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Tropical Storm Debra
Tropical storm (SSHS)
Fay

Tropical Storm Debra near Puerto Rico
Formed May 30
Dissipated June 4
Accumulated Cyclone Energy 1.52
Highest winds 70 mph
(1-min sustained)
Lowest pressure 987 (mbar)
Damages $35 million
Direct Fatalities 7
Indirect Fatalities 2
Missing 5
Areas affected Leeward Islands, Puerto Rico, Hispaniola, Cuba (Florida, US East Coast as a remnant low)
Part of the
2100 Atlantic hurricane season
Debra 2100 track

Track

TS Lee 2005

Debra after strengthening into a tropical storm

Blas 17 jun 1986 2246Z

Debra making landfall in Cuba as a restrengthened tropical storm

Tropical Storm Debra was a tropical storm that affected many of the islands in the Caribbean. It was the 5th depression and 4th named storm of the hyperactive 2100 Atlantic hurricane season.

Meteorological history

On May 24, a tropical wave moved off the coast of Africa. It remained disorganized until on May 29 when a low-pressure area formed inside the wave while it was in the central Atlantic. The area was then being monitored for development as it became better organized and environmental conditions were favorable. It became organized enough to be declared Tropical Depression Five late on May 30.

It then strengthened into Tropical Storm Debra on May 31, becoming the earliest 4th named storm ever recorded, beating the previous record set in 2085 when the 4th storm was named on June 6. The storm headed west as it gradually strengthened. It also threatened the Leeward Islands. On June 2, it brought heavy rain and strong winds to the islands as it passed just north of the islands with winds of nearly 70 mph. Wind shear then started to slowly weaken it before it made landfall in northern Hispaniola on June 3 with winds of 55 mph. Hispaniola's mountains and the wind shear weakened the storm to a depression. The shear then let up, and Debra restrengthened into a TS before its final landfall in Cuba on June 4. The storm dissipated over Cuba later that day.

Debra's remnants started to turn northward, and once it entered the Florida Straits it became better organized. It had a 20% chance of regeneration at first, but it was then upgraded to a 50%. Debra's remnants made landfall on Florida late on June 5 without ever regenerating. In Florida, it brought thunderstorms and rainfall as it moved north toward Georgia. The remnants of Debra continued through Georgia and the Carolinas before it dissipated completely while entering Virginia early on June 17. Over all, Debra caused $35 million in damage (2100 USD) and killed 9 people, 2 of which were indirect. 5 people were reported missing.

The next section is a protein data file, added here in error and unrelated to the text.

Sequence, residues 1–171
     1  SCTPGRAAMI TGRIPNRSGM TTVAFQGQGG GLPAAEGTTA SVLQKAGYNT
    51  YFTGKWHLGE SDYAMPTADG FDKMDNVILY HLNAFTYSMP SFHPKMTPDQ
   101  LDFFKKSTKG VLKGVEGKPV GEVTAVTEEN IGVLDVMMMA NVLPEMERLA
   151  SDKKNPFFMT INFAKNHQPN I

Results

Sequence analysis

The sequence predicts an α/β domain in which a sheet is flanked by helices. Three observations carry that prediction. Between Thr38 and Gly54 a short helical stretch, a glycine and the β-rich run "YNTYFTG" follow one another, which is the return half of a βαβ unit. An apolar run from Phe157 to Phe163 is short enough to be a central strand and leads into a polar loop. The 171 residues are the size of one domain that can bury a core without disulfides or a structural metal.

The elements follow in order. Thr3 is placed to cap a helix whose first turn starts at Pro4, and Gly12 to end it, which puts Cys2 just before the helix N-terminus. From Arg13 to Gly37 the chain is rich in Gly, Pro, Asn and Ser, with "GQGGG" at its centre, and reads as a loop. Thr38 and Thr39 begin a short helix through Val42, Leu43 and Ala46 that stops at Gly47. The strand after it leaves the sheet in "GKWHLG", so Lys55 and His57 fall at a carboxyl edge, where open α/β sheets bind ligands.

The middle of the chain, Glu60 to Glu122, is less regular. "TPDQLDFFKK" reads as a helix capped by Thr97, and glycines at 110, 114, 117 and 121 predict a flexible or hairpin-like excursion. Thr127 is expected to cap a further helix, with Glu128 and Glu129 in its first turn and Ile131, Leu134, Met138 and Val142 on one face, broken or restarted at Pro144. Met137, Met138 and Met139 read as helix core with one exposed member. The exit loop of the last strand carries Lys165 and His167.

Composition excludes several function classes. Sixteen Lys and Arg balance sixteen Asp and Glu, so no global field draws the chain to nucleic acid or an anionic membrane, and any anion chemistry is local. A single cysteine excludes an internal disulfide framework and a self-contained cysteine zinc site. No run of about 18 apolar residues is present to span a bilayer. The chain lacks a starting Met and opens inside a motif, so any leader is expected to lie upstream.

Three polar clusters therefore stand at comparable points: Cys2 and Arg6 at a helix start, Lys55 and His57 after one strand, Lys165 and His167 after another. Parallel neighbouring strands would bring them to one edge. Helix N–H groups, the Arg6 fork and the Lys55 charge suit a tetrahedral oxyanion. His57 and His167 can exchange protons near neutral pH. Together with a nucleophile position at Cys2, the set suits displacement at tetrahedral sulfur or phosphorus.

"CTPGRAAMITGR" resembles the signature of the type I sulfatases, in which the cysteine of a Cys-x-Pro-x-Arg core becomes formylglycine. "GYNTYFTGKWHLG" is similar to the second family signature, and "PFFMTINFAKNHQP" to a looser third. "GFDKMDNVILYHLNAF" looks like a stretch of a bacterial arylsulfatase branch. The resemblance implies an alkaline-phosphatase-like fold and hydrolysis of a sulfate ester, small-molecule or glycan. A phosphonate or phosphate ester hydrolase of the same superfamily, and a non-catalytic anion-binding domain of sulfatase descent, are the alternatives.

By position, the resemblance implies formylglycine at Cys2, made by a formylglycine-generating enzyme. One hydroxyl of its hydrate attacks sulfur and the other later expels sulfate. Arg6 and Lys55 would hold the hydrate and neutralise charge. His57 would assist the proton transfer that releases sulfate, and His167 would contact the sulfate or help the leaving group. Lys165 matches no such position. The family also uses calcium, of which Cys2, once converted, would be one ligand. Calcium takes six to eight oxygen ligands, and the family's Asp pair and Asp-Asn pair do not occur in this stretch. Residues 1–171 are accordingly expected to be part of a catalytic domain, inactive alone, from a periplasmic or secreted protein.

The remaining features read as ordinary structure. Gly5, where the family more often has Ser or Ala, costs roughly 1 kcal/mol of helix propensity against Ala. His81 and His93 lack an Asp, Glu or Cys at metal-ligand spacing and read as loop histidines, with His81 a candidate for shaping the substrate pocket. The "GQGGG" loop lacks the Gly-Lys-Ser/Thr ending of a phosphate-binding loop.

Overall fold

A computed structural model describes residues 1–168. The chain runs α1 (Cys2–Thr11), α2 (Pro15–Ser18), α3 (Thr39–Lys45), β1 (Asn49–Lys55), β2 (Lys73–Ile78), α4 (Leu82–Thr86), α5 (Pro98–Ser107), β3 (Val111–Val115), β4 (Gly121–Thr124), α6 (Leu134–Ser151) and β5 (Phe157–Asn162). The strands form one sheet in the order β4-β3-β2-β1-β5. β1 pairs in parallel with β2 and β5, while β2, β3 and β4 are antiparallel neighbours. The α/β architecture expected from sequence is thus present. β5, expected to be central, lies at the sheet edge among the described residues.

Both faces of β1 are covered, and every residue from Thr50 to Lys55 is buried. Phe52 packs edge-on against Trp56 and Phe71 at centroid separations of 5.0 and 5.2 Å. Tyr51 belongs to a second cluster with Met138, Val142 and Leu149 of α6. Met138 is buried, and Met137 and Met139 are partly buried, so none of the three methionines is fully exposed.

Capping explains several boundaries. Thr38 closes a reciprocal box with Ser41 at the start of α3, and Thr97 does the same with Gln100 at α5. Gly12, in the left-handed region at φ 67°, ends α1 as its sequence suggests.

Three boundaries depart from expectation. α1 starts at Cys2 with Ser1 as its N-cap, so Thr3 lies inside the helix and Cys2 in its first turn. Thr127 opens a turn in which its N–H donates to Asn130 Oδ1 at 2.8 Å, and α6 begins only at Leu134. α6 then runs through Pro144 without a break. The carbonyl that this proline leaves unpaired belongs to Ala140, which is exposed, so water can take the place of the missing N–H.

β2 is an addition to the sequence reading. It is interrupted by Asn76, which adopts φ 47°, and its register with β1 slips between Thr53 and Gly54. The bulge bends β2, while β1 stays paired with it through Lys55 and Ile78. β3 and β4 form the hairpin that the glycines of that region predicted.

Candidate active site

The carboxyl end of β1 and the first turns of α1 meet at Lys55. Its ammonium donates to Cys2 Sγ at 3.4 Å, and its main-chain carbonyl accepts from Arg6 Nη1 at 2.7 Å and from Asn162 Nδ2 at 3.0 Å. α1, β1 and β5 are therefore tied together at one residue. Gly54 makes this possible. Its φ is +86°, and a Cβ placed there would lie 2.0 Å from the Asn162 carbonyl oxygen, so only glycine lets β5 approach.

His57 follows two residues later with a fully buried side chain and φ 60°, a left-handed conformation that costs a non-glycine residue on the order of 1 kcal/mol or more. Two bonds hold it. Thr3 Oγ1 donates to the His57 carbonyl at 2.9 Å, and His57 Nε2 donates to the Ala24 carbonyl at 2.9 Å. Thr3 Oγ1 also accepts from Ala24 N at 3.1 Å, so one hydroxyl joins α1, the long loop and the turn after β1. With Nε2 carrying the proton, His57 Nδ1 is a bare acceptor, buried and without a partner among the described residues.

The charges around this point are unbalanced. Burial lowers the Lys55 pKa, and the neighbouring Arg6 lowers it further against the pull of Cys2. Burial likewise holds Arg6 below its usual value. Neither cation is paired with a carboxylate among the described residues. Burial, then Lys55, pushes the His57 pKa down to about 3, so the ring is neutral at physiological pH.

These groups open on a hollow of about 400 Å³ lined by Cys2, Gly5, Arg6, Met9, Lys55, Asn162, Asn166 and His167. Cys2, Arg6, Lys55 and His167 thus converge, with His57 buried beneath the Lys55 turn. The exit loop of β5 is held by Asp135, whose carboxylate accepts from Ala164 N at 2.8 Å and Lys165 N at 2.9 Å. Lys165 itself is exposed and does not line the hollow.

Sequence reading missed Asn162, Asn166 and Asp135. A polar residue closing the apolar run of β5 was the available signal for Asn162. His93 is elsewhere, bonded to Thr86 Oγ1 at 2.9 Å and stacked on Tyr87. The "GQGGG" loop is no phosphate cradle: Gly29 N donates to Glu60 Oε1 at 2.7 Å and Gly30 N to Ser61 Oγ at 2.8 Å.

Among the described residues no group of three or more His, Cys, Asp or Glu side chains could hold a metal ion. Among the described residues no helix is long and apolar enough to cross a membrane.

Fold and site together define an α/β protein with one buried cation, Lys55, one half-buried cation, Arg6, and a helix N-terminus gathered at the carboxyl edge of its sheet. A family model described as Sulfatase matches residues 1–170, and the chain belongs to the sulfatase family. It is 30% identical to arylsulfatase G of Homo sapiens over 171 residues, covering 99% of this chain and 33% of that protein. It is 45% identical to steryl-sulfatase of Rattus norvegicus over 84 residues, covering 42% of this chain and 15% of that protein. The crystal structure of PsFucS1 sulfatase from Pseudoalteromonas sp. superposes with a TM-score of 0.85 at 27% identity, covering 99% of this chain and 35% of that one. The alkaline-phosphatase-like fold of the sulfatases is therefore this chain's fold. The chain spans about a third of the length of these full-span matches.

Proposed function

Preparations and impact

After Debra strengthened into a TS, a tropical storm watch was issued for the northern Leeward Islands. It was then upgraded to a warning as the storm approached. The TS watches and warnings were extended to Hispaniola that time. As Debra continued westward, watches were issued in Cuba, which were later upgraded to warnings. People were told to prepare for flash floods and stay in their homes through the passage of the storm. They were also told to board up their homes.

As Debra moved through the Leeward Islands, Puerto Rico, Hispaniola, and Cuba, it brought heavy rains and strong winds. It also caused a few landslides and lots of flash floods. As said above, the storm caused $35 million in damage (2100 USD) and killed 9 people, 2 of which were indirect. 5 people were reported missing. The deaths and damage were caused mainly by the flash floods and landslides. Debra's remnants also brought rain and thunderstorms to Florida, Georgia, and the Carolinas, but barely any damage happened.

Due to the light damage that Debra left behind, the name was not retired.

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